She grew up in a dyed-in-the-wool Labour family and voted Conservative for the first time in 2015 – four years before being elected to Parliament. ‘I had to essentially come out to my family as a Conservative, and I took all my friends out and told them individually,’ she said.

Her father grew up in Ireland in a ‘very poor, very hard-working family’. He left school at 13 and later met her mother, a teacher, before moving to Birmingham and then Cambridgeshire. She was the breadwinner throughout Ms Kearns’ childhood, and funded her father through university when he was in his 30s. Her father also became a teacher but was ‘essentially a stay-at-home husband for 15 years of my life’, Ms Kearns said. He died from a stroke when she was 19.

Her parents’ background and politics give context to her ‘disappointment’ last week at Labour’s reaction to her campaign. She said just one Labour MP contacted her about the issue and asked to get involved.

When Angela Rayner, the deputy leader of the Opposition, raised the injustice of lone births during Prime Minister’s Questions, Ms Kearns criticised her for failing to credit her campaigning and turning the issue into a ‘political barb’.

Politics aside, she said ‘all that matters’ is getting all the trusts to change their policies to allow women to have partners at their side (stock image)

Days before, Ms Kearns had mobilised more than 60 Conservatives to write to the heads of NHS Trusts calling for immediate changes to their policies. ‘Within Parliament, there is an element where you recognise others,’ she said. ‘You normally give a nod to the other people who are working on things. It is a shame because I don’t want this to be a party political issue.’

Politics aside, she said ‘all that matters’ is getting all the trusts to change their policies to allow women to have partners at their side. She criticises NHS bosses for failing to give a ‘rational reason’ for why they continue with the stringent policies, in defiance of Government advice. Some trusts have even incorrectly blamed the guidelines.

‘They have all either said they are now reconsidering, or they’re just saying, this is our view. That is frustrating for the women, who have the right to an explanation for why they have restrictions while other hospitals don’t.’

Her own hospital has allowed partners to attend for more than two months, and Ms Kearns said there is no excuse for other trusts not to follow suit. She has seen progress over the past week, with trusts changing their minds and clinicians contacting her to express support.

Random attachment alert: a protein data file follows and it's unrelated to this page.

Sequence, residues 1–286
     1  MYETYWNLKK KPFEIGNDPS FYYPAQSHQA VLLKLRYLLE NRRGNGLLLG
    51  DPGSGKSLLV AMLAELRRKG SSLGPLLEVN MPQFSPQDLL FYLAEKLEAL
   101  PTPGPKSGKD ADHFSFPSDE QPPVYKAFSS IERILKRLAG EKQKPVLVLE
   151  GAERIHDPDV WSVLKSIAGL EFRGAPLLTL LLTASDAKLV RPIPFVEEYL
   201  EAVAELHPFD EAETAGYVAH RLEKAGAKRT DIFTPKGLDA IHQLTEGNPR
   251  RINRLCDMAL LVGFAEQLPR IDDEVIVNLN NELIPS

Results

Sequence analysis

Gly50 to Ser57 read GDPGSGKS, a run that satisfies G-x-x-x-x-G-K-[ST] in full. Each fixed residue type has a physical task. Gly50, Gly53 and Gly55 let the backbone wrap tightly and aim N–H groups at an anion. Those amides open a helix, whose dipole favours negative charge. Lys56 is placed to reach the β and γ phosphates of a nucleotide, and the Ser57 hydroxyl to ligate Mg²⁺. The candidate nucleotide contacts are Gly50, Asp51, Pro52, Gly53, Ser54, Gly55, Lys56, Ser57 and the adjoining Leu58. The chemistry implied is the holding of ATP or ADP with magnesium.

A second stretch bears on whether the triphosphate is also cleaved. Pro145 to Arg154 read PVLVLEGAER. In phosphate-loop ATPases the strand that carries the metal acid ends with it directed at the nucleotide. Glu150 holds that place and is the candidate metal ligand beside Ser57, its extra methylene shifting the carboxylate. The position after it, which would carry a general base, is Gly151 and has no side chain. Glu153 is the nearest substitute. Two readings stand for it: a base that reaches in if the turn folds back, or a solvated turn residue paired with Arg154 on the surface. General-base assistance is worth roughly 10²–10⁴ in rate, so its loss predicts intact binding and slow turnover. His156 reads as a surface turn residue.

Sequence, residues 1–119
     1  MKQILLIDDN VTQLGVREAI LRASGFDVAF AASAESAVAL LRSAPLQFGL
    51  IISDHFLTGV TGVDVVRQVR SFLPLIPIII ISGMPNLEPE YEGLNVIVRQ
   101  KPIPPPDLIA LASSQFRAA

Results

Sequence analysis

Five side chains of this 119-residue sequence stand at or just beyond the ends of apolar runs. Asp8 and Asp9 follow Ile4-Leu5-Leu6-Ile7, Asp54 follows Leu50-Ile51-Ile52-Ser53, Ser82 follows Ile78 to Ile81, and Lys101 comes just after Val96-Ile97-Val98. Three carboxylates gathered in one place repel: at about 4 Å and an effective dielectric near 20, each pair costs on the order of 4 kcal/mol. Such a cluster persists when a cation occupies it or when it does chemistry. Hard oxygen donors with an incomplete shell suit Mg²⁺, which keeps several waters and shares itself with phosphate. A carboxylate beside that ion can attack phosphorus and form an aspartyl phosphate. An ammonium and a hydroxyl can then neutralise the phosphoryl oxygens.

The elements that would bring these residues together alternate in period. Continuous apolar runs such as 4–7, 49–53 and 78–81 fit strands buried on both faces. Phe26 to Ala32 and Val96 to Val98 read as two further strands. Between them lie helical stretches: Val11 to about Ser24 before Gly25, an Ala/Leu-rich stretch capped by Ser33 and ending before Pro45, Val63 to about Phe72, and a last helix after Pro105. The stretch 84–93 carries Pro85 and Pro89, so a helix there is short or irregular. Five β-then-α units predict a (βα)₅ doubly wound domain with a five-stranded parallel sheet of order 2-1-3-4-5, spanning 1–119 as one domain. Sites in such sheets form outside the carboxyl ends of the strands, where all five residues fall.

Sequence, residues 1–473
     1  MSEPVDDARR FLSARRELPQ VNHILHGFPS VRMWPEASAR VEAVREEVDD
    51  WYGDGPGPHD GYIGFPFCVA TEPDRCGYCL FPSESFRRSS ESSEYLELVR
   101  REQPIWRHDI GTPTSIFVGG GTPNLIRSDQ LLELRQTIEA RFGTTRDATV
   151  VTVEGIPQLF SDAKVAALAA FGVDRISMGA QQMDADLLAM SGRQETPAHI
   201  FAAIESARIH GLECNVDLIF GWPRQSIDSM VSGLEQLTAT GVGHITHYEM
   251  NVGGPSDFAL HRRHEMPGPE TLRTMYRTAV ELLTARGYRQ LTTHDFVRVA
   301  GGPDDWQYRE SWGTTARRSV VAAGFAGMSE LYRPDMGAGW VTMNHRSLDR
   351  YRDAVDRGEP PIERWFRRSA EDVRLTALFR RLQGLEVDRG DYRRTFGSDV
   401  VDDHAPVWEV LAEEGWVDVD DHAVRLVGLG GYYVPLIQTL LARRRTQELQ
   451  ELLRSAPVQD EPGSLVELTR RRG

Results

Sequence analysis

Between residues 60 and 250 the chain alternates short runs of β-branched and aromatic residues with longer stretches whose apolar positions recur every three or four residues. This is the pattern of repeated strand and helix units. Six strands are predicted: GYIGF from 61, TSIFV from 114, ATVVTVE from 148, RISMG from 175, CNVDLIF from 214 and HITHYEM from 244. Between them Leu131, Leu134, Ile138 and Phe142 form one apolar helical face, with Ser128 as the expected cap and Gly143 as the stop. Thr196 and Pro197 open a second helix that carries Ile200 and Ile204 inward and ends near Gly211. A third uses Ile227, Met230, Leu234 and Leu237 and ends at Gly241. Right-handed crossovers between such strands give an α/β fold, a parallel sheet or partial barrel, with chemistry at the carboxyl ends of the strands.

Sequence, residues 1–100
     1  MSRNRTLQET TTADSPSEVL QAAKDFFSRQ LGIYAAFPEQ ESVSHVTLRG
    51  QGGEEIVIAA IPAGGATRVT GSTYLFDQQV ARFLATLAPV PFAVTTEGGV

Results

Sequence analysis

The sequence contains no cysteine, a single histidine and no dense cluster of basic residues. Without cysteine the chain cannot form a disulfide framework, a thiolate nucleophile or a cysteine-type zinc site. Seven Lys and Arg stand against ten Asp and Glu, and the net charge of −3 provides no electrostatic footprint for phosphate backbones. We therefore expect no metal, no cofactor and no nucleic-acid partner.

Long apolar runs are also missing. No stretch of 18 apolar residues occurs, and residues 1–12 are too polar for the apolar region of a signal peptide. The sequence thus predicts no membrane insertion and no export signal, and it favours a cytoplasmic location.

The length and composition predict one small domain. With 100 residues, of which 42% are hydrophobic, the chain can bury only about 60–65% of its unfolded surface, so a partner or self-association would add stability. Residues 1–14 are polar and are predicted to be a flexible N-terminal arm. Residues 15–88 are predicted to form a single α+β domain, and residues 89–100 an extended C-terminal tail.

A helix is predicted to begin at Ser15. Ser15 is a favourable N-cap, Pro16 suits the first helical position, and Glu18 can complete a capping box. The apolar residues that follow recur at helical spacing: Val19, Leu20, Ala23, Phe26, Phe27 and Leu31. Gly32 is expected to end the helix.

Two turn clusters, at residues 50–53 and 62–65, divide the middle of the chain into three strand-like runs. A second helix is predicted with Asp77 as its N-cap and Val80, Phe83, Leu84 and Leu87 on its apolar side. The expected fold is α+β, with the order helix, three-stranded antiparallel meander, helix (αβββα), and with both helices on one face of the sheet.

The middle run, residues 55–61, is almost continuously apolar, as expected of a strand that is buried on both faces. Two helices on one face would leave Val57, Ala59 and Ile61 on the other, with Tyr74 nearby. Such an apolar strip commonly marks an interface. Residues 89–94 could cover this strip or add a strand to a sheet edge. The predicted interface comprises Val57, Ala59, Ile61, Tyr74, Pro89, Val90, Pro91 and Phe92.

She clearly relishes a fight, describing herself as a ‘storm chaser’. With the impact she is making while she cannot even go inside the Commons, it will be interesting to see what Ms Kearns achieves once back on its green benches.

Father who missed birth after security led him out 

When former nurse Lorrell Davis, 29, was taken by ambulance to hospital after going into labour at 34 weeks, her husband Patrick was asked to leave and was escorted off the premises by security.

As a result, he missed the birth of their daughter, Beau, at the Royal London Hospital in Whitechapel, East London.

Ms Davis, who is a doula – a helper who gives non-medical support during childbirth – said: ‘The room was full of people in masks and I had no idea who was who. Everyone was there except the one person I needed. We are completely shaken up.

When former nurse Lorrell Davis, 29,(pictured)  was taken by ambulance to hospital after going into labour at 34 weeks, her husband Patrick was asked to leave and was escorted off the premises by security

‘He missed out on one of those special moments you can never recreate. He feels guilty, wondering if he should have made more of a fuss.’

A spokesman for the local NHS Trust said its guidance met national recommendations.

Marketing manager Alex Hirst also fell foul of the rules. Even though she suffered complications during the birth of her first child, she was sent home alone by hospital staff as contractions began during her second delivery. Ms Hirst, 32, said rules restricting partners’ access to the labour ward put lives at risk after her daughter Juliet arrived dramatically in an A&E treatment bay.

Marketing manager Alex Hirst (pictured) also fell foul of the rules. Even though she suffered complications during the birth of her first child, she was sent home alone by hospital staff as contractions began during her second delivery

Her first labour was extremely fast, she lost a lot of blood and did not shed the placenta. This was flagged up on her medical notes and she was advised in advance by her consultant to stay in hospital once her waters broke.

However, nurses at Darlington Memorial Hospital sent her home in the early hours, saying she would be safer there. Her husband Michael drove her straight back to the hospital and Ms Hirst gave birth before even making it to the labour ward. Michael said: ‘The baby came within two minutes of our arrival. The doctor had his hands behind his back tying his apron.’

His wife, who gave birth in April, called the no-partner rules ‘appalling’, adding: ‘It’s just horrendous. Some people who get induced are there for days. And then there are first-time mums who don’t know what to expect.’ A spokesman for the local NHS Trust apologised that Ms Hirst ‘didn’t have the experience during labour and delivery we would wish for her’, but said its restrictions followed current guidance.